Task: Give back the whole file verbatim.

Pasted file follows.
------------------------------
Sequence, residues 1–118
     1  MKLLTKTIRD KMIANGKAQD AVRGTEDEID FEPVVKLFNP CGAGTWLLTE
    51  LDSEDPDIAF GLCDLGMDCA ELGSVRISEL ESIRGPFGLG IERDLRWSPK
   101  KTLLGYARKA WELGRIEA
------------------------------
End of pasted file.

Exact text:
Sequence, residues 1–118
     1  MKLLTKTIRD KMIANGKAQD AVRGTEDEID FEPVVKLFNP CGAGTWLLTE
    51  LDSEDPDIAF GLCDLGMDCA ELGSVRISEL ESIRGPFGLG IERDLRWSPK
   101  KTLLGYARKA WELGRIEA